Green Matter: Good [Green] Tidings We BringGreen Matter: Good [Green] Tidings We Bring
In the late nineties, when DSM developed a castor oil based polyamide, the company quietly shelved the project, seeing little potential in the new plastic. And in 2000, when DuPont Chairman & CEO Charles O. Holliday Jr., first announced goals for DuPont to derive 25% of its revenue from renewable resources by 2010, the industry snickered.
December 15, 2011
In the late nineties, when DSM developed a castor oil based polyamide, the company quietly shelved the project, seeing little potential in the new plastic. And in 2000, when DuPont Chairman & CEO Charles O. Holliday Jr., first announced goals for DuPont to derive 25% of its revenue from renewable resources by 2010, the industry snickered. Now, almost 12 years later, that same industry is no longer laughing.
Major manufacturers of feedstocks and materials all over the world have become believers, helped along in some cases by tax breaks and other incentives, and are investing hard cash in bio-based business. This is not to say that green materials have become big business. But they have definitely become business.
EU Organic LogoBioplastics are starting to look like a good place to be to many raw materials producers - and distributors. As an attendee of the recent European Bioplastics Conference confided over coffee: "We don't do anything in bioplastics - yet. I'm here to find out what and whom we need to know to get into this business. Specifically, we'll be looking at who to partner with."
In Europe, advances in this area have partly come from the industry, and partly resulted from the efforts of the European Union to promote research and technology. The Framework Programmes for Research and Technological Development have traditionally been the EU's main instrument for funding research in Europe. Under these programs, numerous initiatives have blossomed, one of which is the Biobased Performance Materials (BPM) program in the Netherlands.
This program is set up as a consortium in which industrial partners and knowledge centers collaborate on specific projects aimed at the development of new biopolymers, feedstocks for bioplastics and at applied research aimed at improving the properties of existing bioplastics. Specifically, the program is committed to achieving usable, marketable results. Recently, the consortium published a brief overview of some of its projects in 2011.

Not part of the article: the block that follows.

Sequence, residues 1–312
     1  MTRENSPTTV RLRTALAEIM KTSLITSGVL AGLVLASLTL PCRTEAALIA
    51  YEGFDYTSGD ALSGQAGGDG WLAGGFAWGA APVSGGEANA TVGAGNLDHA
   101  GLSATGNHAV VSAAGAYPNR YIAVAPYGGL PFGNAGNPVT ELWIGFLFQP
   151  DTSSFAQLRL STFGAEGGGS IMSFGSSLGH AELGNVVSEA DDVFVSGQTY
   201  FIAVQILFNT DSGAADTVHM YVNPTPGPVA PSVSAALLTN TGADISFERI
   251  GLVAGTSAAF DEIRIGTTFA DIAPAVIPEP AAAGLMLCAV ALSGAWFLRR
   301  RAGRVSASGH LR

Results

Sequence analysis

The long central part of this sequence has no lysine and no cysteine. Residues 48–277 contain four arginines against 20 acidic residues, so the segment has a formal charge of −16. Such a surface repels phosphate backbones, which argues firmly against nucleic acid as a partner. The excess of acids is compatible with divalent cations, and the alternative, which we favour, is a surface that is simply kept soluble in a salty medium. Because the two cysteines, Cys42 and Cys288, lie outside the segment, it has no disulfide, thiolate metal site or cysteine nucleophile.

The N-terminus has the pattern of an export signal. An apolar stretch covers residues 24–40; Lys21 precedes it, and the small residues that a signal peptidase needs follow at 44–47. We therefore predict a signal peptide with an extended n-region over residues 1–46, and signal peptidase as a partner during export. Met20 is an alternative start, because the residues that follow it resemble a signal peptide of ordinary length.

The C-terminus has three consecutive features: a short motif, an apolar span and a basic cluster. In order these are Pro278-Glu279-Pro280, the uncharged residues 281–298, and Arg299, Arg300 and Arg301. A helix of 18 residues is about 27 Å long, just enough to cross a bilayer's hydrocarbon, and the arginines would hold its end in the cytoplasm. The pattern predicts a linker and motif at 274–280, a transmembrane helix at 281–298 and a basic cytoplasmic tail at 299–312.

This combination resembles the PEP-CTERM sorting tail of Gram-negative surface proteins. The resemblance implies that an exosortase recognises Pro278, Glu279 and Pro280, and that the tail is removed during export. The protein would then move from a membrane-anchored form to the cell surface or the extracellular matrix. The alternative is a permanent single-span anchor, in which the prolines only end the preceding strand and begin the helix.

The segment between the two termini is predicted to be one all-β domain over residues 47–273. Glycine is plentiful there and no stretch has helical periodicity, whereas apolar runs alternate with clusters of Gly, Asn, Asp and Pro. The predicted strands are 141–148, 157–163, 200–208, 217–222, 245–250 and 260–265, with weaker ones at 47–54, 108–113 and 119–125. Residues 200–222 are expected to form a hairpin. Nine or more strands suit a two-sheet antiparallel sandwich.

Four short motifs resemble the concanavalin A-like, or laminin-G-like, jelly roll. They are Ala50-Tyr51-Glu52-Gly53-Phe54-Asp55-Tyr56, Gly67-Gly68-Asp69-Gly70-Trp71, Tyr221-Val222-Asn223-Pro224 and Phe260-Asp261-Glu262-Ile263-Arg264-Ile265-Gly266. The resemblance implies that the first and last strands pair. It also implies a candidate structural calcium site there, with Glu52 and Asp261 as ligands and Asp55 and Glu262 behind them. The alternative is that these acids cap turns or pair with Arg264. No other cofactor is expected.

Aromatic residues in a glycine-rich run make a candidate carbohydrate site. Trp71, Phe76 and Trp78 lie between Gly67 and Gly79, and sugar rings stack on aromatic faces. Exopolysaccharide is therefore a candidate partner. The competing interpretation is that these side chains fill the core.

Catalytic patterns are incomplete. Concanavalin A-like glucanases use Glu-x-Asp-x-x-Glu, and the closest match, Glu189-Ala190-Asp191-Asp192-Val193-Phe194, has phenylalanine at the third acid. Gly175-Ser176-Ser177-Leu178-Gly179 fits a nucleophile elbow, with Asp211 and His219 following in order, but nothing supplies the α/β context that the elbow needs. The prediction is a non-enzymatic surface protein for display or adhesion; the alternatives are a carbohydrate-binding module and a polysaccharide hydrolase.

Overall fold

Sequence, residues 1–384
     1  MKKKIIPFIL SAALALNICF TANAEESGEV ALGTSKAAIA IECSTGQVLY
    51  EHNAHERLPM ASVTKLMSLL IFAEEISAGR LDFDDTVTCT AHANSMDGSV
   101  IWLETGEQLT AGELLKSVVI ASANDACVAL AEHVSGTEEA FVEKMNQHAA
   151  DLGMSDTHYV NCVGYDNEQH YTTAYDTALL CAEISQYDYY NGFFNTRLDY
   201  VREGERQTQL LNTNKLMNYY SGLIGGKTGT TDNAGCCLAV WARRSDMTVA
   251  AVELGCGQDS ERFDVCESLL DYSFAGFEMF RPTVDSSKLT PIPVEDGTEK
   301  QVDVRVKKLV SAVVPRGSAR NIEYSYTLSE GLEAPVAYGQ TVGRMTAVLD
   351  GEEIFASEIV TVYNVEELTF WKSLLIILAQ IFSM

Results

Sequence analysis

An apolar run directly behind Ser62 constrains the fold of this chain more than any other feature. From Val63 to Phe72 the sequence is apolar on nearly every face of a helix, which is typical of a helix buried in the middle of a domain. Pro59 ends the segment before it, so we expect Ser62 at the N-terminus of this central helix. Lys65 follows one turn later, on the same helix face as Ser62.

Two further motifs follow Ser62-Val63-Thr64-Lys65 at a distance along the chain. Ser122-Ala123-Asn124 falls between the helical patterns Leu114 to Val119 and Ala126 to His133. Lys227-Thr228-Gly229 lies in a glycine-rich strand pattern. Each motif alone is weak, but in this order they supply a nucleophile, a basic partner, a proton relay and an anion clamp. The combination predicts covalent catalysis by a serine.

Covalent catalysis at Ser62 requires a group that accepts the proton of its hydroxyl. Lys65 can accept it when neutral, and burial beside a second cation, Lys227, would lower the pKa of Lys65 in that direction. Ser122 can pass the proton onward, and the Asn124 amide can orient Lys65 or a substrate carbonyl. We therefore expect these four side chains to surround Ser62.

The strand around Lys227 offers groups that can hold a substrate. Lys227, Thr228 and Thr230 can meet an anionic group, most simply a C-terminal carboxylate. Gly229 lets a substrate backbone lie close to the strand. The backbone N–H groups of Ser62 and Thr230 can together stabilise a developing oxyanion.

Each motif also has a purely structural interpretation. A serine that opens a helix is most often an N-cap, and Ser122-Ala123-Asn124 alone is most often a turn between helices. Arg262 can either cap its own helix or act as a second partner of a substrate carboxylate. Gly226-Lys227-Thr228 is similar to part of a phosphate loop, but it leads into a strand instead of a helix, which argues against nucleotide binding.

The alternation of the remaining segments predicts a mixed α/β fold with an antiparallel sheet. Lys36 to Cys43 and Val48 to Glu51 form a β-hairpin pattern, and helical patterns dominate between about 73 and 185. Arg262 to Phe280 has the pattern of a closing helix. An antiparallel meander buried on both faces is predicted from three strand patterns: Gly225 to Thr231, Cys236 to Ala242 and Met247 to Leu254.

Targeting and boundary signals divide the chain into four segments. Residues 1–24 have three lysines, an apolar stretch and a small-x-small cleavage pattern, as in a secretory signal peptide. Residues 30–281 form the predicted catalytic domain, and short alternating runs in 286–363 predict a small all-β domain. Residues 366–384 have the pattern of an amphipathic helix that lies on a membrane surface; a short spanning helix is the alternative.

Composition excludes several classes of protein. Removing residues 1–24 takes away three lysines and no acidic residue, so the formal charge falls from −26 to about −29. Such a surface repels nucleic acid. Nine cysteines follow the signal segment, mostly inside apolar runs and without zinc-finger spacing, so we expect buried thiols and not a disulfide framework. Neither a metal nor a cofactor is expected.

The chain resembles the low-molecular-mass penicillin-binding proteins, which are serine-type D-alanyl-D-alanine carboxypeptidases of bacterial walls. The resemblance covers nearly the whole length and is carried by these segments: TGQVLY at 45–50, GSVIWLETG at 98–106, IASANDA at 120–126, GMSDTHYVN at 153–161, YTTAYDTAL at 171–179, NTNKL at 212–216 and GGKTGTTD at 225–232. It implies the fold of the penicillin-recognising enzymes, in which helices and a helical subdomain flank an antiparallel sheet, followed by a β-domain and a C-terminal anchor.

Here are a few:
In the BIOCRES project, researchers are working to develop a styrene-free biobased composite resin in which the polyester resin is derived from renewable resources. The researchers foresee little problems with developing a bio-based polyester resin; the problem is finding a replacement for the reactive solvent styrene. Currently, vegetable oils are being looked at. The project is a collaboration across the entire product chain, from raw materials producers, including, in this case, Cargill, to end manufacturer.
ChitoSmart is a project that is looking at the development of food packaging with antibacterial properties based on chitosan, a derivative of the compound chitin, which is found in fungus cell walls and the shells of insects and crustaceans. To do so, more knowledge is needed about how exactly chitosan works its antimicrobial magic and whether it works against the microbes that cause packaged food to spoil. Another challenge is to process the chitosan into the film in such a way that it remains in the polymer matrix. Ultimately, the aim is to extend shelf life and to reduce food waste. One of the companies involved in this project is Heinz.
Another project is FEASIBLE, which investigates the sustainability of the different bioplastics, and their feasibility to replace conventional plastics. Standard data on bioplastics are often lacking, as are life cycle and carbon footprint analyses. To defuse accusations of greenwashing, claims must be able to be verified and backed up by standards and certificates. First, however, more research is needed to collect the requisite data on these materials.
All of these are projects with potential for tangible results. And fortunately, despite austerity measures throughout the EU, funding for this and other European research programs will not be discontinued. In fact, the EU's new € 80 billion program for research and innovation, Horizon 2020, will more than double the funds available for research to promote the transition to a bio-based economy. This has undoubtedly helped to trigger the current industrial interest in biobased materials. As always, money talks.
However, in the end, let's keep in mind that research is not where the money is. Europe is great at R&D and at building pilot plants, but until now, implementation has been a weak area. In the past, Europe has been at the forefront of important developments, losing out later to countries able to move more quickly and cheaply into the implementation phase. Where biobased plastics are concerned, Europe is leading the way in development. Now, it has another chance to keep manufacturing here as well.
Let's not waste it.
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